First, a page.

Thursday, 29 October, 2020

Nepal Democracy

Author: Vladlen Yermakov


Nepal is actually an independent country not like what some people thought to be part of India or China. It is part of Asia and found in southern slopes of Himalayan Mountain ranges. As a matter of fact, it’s a landlocked country that is situated between the Tibet Autonomous Region of China all the way to the north and between India to the south, west and east. Nepal’s territory extends approximately 800 kilometers or 500 miles from west to east and 90 to 150 miles from south to north with capital being Kathmandu.

Start of something New

Nepal has been under the rule of the hereditary prime minister that favors the policy of isolation. Thus, the country remains closed from the rest of the world until the revolt in palace in 1950 which restored the authority of the crown back to its people in 1951. The country eventually gained its admission to UN in 1955. Then in 1991, the country had its multiparty parliamentary system. Fast forward to 2008, after the decade-long of turbulent negotiation and violence along with strong Maoist insurgency, the country’s monarchy has been dissolved and was then declared as democratic republic.

Open for Business

Because of this, Nepal became more open to commerce and business like تنظيف منازل بجده and several other opportunities.

The country is wedged between China and India in which Nepal is seeking to strike a balance between these country’s respective policies and thus, stayed independent. A factor that is largely contributing to the geopolitical importance is that, it can deny China’s access to its Gangetic Plain.

Geographic Location

With the years of its self-imposed and geographic isolation, Nepal is among the least developed countries in the world. In recent years, several other countries similar to China, India and the US, Japan, UK, Canada, Germany, Denmark and Switzerland lend economic assistance to the country. The extent of foreign aid that Nepal received has been largely influenced by strategic positioning of the country between China and India. Truth is, Nepal has some of the most difficult and rugged mountain terrain the world has ever have and it covers 75% of the country’s land.


If you see Nepal as an excellent business opportunity, then you need to make yourself aware some of its customs and traditions. For instance, you will be greeted with their prañamasana, which has been a tradition. This is a simple gesture of pressing both palms together in front of your chest, bowing and then saying “Namaste”. It is expected that you return the introduction. Additionally, handshaking was a norm in Nepali business realm. However, avoid giving a very firm handshake. It would make you look aggressive.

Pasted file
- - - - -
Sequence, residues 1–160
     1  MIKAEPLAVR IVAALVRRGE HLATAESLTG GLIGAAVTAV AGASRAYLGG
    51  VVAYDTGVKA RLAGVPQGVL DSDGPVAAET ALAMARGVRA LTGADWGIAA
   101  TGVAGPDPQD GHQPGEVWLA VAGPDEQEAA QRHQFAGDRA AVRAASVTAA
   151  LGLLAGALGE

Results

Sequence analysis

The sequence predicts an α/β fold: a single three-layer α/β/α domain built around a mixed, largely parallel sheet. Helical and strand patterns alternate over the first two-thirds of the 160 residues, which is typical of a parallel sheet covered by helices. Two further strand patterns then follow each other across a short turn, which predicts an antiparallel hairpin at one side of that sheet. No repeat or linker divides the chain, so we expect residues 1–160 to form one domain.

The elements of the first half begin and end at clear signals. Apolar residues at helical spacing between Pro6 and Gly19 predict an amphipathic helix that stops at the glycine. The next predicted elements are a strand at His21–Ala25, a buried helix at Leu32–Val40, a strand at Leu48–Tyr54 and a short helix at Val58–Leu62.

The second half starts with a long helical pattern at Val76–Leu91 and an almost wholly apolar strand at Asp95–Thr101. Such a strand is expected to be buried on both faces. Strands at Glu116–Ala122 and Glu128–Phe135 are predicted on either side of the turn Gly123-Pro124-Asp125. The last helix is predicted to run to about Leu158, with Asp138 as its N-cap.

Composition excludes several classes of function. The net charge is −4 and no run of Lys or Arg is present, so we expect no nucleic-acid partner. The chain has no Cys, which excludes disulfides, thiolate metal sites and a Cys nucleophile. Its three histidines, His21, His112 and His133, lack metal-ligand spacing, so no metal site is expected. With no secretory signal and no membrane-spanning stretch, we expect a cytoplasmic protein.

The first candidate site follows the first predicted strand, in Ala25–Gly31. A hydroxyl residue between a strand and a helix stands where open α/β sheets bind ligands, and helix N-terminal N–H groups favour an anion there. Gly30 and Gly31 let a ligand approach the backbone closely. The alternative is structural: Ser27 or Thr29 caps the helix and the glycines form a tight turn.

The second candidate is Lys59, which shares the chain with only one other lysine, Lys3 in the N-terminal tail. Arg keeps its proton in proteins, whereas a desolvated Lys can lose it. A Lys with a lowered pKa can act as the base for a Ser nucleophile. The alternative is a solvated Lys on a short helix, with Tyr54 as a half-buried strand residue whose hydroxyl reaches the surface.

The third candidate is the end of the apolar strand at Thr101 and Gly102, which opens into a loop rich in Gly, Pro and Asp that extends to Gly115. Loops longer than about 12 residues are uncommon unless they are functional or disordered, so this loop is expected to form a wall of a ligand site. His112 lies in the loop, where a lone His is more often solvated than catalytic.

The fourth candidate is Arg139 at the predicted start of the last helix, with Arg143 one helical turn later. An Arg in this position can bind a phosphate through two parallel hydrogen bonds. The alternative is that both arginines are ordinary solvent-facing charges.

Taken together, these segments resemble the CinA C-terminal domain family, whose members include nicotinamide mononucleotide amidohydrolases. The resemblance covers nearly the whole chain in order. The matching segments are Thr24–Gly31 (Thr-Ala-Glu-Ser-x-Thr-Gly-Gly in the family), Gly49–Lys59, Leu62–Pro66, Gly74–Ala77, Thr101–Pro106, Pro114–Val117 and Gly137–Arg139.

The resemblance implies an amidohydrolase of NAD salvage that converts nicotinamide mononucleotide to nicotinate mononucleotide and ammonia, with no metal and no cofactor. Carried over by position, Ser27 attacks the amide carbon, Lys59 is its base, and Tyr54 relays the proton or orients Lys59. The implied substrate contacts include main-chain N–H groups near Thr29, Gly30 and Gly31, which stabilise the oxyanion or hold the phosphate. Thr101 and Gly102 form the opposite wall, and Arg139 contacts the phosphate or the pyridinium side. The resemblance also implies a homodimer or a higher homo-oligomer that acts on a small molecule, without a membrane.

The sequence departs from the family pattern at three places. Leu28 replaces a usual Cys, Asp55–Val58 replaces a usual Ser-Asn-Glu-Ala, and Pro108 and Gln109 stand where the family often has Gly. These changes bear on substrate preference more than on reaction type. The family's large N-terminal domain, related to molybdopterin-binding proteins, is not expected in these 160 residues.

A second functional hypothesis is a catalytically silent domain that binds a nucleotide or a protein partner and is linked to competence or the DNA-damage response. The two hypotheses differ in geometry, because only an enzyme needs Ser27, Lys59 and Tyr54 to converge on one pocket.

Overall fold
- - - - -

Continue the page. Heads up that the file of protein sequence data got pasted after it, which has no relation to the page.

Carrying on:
As a Start…

When you are attending a business meeting, it is preferable to wear suit and tie. This makes you look more professional and a businessperson, easily gaining the respect of your potential partners. Furthermore, add it with a little bit of politeness combined with key phrases before you go to the meeting.

Remember, elders are given utmost respect in Nepal. So whenever you see one, show them the highest level of respect you can ever give.

Now into the business side of things; you do not just penetrate a market and introduce your upright vacuum reviews in front of their faces. This is a surefire recipe for failure. If there’s something that you ought to know about Nepal’s economy, it is that paying their taxes is quite cumbersome.

When Everything should be Easy yet it’s the Opposite

Basically, as per annual ranking, Nepal made paying taxes harder as a result of the implementation of 2017 labor act that had introduced:

  • Medical Insurance
  • Labor Gratuity and;
  • Accident Insurance

All of which will be paid by the employers in which it puts significant administrative burden among companies that are facing bureaucracy. Labor gratuity is a known burden among employers for they have to manually file and pay it monthly whereas both accident and medical insurance should be paid yearly.

Think Clearly

As a matter of fact, this puts Nepal on the 158th position for paying taxes. In addition to that, the country has a low ranking in other indicators for ease of doing business which includes enforcing contracts (154th), dealing with construction permits (148th) and getting electricity (137th).

If you’re serious doing business in the country, then may as well check these points as it will later affect the entire operation of your business.